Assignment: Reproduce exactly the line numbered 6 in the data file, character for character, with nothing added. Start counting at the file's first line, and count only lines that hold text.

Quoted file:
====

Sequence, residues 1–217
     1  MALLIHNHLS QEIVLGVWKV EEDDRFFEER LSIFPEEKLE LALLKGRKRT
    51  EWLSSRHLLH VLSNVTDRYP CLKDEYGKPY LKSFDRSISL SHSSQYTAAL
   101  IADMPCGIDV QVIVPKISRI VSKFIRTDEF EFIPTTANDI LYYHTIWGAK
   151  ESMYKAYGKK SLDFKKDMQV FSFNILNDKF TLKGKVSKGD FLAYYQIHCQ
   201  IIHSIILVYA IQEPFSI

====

   201  IIHSIILVYA IQEPFSI